All images are the © copyright of Thabo Jaiyesimi and must be accredited as such
14,590 Signatures of the ‘Stop the Maangamizi: We Charge Genocide/Ecocide!’ Petition handed-in
The 6-member delegation for the 2018 hand-in of the ‘Stop the Maangamizi!’ Petition were:
From Right to Left
1. Hon. Prophet Kweme Abubaka (Afrikan Emancipation Day Reparations March Committee, Ethiopia African Black International Congress)
2. Dr Barryl Biekman, (Europe-wide NGO Consultative Council for Afrikan Reparations, Netherlands)
3. Mama Lindiwe Tsele (Pan-African Congress of Azania)
4. Ms Kambanda Veii (Ovaherero Genocide Foundation, Namibia)
5. Cllr Joshua Brown-Smith, age 12 (Office of the Young Mayor, London Borough of Lewisham)
6. Professor Gus John (Gus John Associates, Member of the African Union Technical Union Technical Committee of Experts on the 6th Region).
The delegation which handed-in the 2018 ‘Stop the Maangamizi: We Charge Genocide!’ Petition represents a selection of the diversity within our Afrikan Heritage Community. The Young, The Elders, Born on the Continent, Born in the Diaspora, Male and Female, and as in previous members some members flew in from Afrika and Europe!
#Parliament is a Crime Scene!
See the following letter which accompanied the hand-in of the ‘Stop the Maangamizi!’ Petition
Please note, the ‘Stop the Maangamizi!’ Petition has been handed-in since 2015, in 2016 no signatures were handed in just the petition and a cover letter. In 2016, 5811 signatures were handed in, in 2017, 9636 signatures were handed in.
It is important to note that the ‘Stop the Maangamizi!’ Petition is not the only tactic we are adopting, the petition signatures accompany a Maangamizi Crime Scene sticker operation and lobbying of MPs strategy via the ‘Stop the Maangamizi!’ Postcard involving support for developing Afrikan Heritage Community advocacy on the points contained in the petition.
It is also important to note that we in the International Steering Committee Spearhead Team of the ‘Stop the Maangamizi!’ Campaign (ISC-SMWeCGEC) know that reparations will not be achieved simply by submitting this petition, if one reads the petition it is clear that this is not our thinking. In numerous articles and documents we talk about the March and the petition being part of revolutionary strategy and tactics that we are engaged in, which also involve all forms and levels of liberation struggle waged by various contingents of the International Social Movement for Afrikans (ISMAR).
The Afrikan Emancipation Day Reparations March and the annual hand-in of the petition is about building a broad public support base for consolidating the ISMAR in order to strengthen the harnessing and building of Afrikan people’s power to advance reparations to definitive victory; whiincluding the establishment of MAATUBUNTUMAN Pan-Afrikan Union of Communities.
See the following links for further info about the strategy and tactics of the ‘Stop the Maangamizi!’ Campaign in association with the Afrikan Emancipation Day Reparations March Committee:
As we approach the 3rd year of marching, what has been achieved? (2016)
After 4 years of marching, what has been achieved? (2017)
Rationale for Afrikan Reparations March (2018)
This video is of a workshop which took place on Friday 27th July, 2018 and provides some elaboration on the revolutionary thinking and work into for the long-term results that the March is meant to produce and to which it is already contributing.
This is a link to the initial response that was received from the Foreign & Commonwealth Office (FCO) in response to the 2017 ‘Stop of the Maangamizi!’ Petition and its covering letter, and also the further response from FCO Minister Lord Ahmad.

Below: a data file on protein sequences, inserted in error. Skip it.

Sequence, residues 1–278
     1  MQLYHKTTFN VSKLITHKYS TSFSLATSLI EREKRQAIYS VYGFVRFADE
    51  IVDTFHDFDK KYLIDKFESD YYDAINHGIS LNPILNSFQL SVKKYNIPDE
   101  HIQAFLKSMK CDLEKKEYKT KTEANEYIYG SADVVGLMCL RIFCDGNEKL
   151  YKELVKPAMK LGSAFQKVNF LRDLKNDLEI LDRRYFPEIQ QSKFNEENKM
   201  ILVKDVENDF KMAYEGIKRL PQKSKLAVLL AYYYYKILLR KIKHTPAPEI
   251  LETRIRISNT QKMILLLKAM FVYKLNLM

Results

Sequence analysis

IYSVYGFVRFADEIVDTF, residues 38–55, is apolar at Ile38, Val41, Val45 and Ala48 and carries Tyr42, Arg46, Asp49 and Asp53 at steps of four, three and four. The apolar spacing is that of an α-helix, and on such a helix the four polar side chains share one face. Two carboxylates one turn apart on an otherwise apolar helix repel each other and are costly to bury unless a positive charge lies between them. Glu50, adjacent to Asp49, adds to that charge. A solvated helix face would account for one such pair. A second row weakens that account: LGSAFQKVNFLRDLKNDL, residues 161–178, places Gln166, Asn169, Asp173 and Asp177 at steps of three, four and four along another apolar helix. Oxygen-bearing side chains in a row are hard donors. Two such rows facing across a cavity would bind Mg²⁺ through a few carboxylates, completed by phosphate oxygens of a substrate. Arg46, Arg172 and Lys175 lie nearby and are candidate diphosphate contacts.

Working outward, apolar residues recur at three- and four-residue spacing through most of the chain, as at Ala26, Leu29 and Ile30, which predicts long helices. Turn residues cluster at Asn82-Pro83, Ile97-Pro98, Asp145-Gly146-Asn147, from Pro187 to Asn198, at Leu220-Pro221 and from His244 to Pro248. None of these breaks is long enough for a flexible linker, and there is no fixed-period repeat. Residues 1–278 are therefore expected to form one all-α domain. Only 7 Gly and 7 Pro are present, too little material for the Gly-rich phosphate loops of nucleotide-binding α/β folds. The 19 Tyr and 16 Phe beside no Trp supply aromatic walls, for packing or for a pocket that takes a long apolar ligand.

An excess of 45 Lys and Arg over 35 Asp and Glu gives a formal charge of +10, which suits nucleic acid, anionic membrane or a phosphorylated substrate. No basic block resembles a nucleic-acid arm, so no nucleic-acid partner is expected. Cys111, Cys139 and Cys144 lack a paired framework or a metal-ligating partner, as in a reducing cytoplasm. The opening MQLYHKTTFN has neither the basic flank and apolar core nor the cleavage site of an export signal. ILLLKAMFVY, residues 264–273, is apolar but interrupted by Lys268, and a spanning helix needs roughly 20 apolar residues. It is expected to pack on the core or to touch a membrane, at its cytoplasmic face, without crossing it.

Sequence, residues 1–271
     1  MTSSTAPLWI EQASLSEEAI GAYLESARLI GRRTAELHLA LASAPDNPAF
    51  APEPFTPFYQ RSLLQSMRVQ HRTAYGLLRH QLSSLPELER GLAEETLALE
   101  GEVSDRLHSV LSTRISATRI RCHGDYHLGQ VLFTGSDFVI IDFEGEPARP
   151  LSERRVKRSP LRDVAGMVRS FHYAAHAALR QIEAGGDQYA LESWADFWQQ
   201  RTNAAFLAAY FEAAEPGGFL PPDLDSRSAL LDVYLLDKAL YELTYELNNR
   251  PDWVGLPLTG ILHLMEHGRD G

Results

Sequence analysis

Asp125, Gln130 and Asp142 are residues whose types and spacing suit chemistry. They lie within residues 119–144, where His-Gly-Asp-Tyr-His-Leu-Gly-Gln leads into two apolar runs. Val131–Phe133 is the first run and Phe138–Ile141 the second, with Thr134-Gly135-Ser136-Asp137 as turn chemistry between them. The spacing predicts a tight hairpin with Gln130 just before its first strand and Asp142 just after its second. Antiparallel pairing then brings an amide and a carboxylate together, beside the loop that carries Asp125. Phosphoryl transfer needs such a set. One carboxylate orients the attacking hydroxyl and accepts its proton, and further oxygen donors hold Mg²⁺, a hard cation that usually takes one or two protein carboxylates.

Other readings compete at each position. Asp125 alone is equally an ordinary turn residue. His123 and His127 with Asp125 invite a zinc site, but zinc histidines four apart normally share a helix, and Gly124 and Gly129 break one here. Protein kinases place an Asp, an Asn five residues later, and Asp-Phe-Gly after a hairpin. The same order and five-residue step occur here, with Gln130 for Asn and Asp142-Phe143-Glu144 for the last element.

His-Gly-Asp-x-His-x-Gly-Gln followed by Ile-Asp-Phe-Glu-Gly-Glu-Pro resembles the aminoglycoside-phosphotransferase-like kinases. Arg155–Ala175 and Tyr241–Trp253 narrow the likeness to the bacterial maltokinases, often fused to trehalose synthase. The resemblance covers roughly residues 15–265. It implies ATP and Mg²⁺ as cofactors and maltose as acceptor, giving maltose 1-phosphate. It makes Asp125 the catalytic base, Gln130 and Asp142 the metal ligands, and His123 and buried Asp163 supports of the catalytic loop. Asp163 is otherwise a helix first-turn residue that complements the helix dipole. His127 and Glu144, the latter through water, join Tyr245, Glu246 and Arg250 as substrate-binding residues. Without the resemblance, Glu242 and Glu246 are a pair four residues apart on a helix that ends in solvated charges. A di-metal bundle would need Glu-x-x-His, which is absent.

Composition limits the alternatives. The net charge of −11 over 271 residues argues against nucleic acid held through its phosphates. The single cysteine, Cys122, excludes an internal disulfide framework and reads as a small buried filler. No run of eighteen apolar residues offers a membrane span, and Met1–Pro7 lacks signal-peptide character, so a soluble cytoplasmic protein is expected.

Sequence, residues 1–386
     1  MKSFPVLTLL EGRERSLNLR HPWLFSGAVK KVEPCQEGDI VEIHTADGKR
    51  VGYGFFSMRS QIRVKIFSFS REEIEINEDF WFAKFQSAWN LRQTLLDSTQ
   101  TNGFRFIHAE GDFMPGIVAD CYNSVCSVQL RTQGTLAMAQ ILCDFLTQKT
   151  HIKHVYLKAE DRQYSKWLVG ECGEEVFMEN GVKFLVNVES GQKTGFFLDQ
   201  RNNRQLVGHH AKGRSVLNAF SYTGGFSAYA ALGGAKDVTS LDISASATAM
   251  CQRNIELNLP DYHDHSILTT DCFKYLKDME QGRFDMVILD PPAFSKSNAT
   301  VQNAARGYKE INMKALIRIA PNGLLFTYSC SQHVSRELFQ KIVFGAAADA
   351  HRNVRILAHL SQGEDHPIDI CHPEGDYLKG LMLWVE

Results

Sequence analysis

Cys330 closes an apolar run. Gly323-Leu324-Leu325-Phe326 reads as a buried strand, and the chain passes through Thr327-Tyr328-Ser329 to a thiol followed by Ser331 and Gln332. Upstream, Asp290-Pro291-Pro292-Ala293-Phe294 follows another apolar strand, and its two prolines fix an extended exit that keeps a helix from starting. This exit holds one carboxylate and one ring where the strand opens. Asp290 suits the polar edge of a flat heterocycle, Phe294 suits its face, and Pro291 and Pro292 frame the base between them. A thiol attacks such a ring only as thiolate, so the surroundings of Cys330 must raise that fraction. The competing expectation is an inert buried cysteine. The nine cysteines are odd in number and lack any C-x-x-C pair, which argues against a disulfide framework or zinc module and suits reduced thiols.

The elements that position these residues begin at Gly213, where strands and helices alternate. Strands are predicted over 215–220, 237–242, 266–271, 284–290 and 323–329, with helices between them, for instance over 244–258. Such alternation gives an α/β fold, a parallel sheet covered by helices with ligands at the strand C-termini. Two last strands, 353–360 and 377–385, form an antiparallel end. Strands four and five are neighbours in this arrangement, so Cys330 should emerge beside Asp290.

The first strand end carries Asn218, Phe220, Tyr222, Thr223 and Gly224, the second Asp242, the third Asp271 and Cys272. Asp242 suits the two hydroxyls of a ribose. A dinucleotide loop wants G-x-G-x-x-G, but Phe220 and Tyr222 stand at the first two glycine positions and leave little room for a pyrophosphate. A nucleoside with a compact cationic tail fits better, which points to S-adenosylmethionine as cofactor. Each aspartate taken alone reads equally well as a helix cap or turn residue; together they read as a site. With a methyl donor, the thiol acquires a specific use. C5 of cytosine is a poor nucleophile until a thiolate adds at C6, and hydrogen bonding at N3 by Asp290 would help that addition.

“Pan-Afrika, and not Eurafrica, should be our watchword, and the guide to our policies.”
– OSAGYEFO KWAME NKRUMAH, ‘Africa Must Unite’, 1963.
“It will be gross self-delusive wishful thinking to believe that those wielding the reins of White racist supremacy are going to pay any serious heed to the Afrikan demand for Reparations, unless their hold on the machinery of global power is effectively challenged by the well-organised, upsurgent and self-empowering masses of Afrikan people, and their allied progressive forces throughout the World.”
Kofi Mawuli Klu ‘Charting an Afrikan Self-Determined Path of Legal Struggle for Reparations’: A Draft Paper for Presentation to the 11th December 1993 Birmingham Working Conference of the African Reparations Movement, UK, 1993.
“At this juncture in our history, there is no way forward in addressing the problems that Afrikans and people of Afrikan descent and all other Black peoples face without seriously grasping the truth of the necessity for holistic reparatory justice. This includes restoring self-determination and sovereignty, implementing measures of cessation of contemporary violations, restitution.”
Esther Stanford-Xosei, 2016
This workshop will explore the meaning of the theme for the 5th annual Afrikan Emancipation Day Reparations March on 1st August 2018: ‘Nothing About Us Without Us: Actualizing the Reparatory Justice Change We Envisage.’ The main question we will discuss is: What kinds of tackling of problems and injustices that Afrikan people encounter can be deemed as the everyday repairs starting point of reparatory justice work? In this regard, we will highlight the outreach and other mobilizational work of the Afrikan Emancipation Day Reparations March Committee (AEDRMC), in association with the ‘Stop the Maangamizi: We Charge Genocide/Ecocide!’ Campaign (SMWeCGEC) with a view to making people see themselves as the actual ‘makers’ and ‘drivers’ of reparatory justice rather than being passive recipients of the benevolence of government and other state actors. This kind of thinking in views expressed by the likes of CARICOM Reparations Commission, Chairperson, Professor Sir Hilary Beckles when he reportedly stated in a recent interview published in the Barbados Advocate (12/07/18):“…reparations is ultimately a government to government conversation. It is about how governments talk to each other. How governments sit down and work out strategies to resolve issues of this nature.”.